At a Thursday meeting with U.S. Secretary of State John Kerry in capital Amman, Jordanian King Abdullah II rejected Israel's unilateral practices in East Jerusalem's Al-Aqsa Mosque complex.
Following the meeting, the Jordanian royal court said Abdullah had called for an end to Israel's repeated attacks on Jerusalem's Jordan-administered holy sites as a prerequisite for restarting Washington-sponsored peace talks between Israel and the Palestinian Authority.
The Jordanian king also told Kerry, according to the royal statement, that a "livable Palestinian state within the pre-1967 borders with East Jerusalem as its capital" was the only way to achieve peace.
For his part, Kerry lauded Jordan's "efforts in pursuing peace in the Middle East" and the country's role in a U.S.-led military campaign against the Islamic State of Iraq and the Levant militant group, according to the royal court.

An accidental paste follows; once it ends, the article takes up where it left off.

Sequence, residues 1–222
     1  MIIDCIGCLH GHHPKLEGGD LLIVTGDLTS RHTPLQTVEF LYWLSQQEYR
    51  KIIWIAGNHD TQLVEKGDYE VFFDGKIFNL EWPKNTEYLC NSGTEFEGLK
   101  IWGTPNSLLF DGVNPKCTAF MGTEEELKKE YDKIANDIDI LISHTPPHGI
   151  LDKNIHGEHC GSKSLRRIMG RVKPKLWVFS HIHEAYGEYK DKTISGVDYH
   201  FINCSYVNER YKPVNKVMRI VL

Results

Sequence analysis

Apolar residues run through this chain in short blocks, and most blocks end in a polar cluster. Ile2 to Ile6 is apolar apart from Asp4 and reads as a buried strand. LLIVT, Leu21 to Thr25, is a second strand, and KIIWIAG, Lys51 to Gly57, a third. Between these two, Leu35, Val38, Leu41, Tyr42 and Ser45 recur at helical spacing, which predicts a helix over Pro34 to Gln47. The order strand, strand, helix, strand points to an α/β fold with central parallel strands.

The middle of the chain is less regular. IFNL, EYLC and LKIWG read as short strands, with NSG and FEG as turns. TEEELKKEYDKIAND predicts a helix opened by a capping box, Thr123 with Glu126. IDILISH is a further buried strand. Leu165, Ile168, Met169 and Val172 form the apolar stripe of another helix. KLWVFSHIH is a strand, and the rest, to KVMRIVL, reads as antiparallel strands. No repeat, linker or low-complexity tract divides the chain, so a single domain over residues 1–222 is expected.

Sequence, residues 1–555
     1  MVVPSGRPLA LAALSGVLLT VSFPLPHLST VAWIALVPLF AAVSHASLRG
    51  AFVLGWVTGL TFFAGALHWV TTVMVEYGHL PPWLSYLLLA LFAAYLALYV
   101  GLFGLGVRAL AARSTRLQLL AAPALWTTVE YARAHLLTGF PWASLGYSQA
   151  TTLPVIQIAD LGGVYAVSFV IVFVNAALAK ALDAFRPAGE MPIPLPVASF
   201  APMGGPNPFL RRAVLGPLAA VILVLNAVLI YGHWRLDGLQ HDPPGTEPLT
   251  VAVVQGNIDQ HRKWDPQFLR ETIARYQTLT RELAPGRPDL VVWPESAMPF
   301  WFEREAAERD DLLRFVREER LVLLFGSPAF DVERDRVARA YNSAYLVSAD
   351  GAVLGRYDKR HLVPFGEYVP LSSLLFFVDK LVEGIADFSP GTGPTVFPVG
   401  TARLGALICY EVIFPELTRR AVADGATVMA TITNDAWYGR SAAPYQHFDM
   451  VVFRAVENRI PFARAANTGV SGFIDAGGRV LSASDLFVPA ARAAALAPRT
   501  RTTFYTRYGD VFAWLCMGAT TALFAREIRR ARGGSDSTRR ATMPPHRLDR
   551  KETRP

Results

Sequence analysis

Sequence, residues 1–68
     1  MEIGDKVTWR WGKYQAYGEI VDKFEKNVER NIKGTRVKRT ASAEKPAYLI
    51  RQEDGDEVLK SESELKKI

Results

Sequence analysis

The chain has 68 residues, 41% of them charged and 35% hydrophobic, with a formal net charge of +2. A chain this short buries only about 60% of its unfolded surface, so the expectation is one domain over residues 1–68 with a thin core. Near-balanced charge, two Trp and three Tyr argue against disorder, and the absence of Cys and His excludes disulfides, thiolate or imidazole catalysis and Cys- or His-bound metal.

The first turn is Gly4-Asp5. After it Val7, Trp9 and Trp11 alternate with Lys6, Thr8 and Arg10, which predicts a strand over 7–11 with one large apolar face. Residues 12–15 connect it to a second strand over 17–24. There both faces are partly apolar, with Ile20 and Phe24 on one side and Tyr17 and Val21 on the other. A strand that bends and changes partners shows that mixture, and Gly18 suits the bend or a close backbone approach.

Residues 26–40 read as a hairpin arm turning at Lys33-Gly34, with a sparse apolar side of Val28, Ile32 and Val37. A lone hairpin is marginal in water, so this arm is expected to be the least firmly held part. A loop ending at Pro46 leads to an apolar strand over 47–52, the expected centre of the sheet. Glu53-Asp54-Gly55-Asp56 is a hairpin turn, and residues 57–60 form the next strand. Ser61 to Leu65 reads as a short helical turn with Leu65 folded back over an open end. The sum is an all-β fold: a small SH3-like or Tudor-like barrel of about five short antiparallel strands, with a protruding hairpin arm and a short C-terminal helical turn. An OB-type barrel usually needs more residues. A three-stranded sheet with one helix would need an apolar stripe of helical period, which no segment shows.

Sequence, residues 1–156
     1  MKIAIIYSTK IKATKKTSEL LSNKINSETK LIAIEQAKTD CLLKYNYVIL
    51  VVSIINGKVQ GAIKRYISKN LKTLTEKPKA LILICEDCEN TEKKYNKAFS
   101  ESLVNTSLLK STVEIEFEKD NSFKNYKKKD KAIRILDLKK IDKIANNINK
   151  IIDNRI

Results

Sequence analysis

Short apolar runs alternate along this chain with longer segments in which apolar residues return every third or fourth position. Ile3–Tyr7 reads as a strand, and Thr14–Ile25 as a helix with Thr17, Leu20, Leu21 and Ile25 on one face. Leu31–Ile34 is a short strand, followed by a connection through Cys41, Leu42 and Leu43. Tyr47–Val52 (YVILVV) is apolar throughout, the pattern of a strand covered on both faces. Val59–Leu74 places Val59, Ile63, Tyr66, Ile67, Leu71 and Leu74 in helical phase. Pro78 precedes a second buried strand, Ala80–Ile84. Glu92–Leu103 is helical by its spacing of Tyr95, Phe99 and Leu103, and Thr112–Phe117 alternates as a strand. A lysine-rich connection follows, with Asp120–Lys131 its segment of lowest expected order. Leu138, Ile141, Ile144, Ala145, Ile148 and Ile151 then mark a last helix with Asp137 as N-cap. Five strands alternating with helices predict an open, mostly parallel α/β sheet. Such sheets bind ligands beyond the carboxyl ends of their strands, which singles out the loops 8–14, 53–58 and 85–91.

Earlier this month, Jordan – which is responsible for Jerusalem's holy sites in line with a 1994 peace treaty with Israel – recalled its ambassador in Tel Aviv to protest Israeli "violations" in East Jerusalem.
Tension has run high in East Jerusalem since late last month, when Israel closed the Al-Aqsa Mosque compound for several hours after an extremist rabbi was injured in a West Jerusalem drive-by shooting.
Unrest mounted further when Israeli forces killed a young Palestinian man suspected of shooting the rabbi in a raid on his East Jerusalem home.
Further aggravating the situation, a number of Israeli parliamentarians have forced their way into the mosque complex in recent days and weeks, drawing the ire of Muslim worshippers and official condemnation from Arab and Muslim countries.
For Muslims, Al-Aqsa represents the world's third holiest site. Jews, for their part, refer to the area as the "Temple Mount," claiming it was the site of two Jewish temples in ancient times.
Israel occupied East Jerusalem during the 1967 Middle East War. It later annexed the holy city in 1980, claiming it as the capital of the self-proclaimed Jewish state – a move never recognized by the international community.
In September 2000, a visit to Al-Aqsa by controversial Israeli politician Ariel Sharon triggered what later became known as the "Second Intifada," a popular uprising against Israel's decades-long occupation in which thousands of Palestinians were killed.
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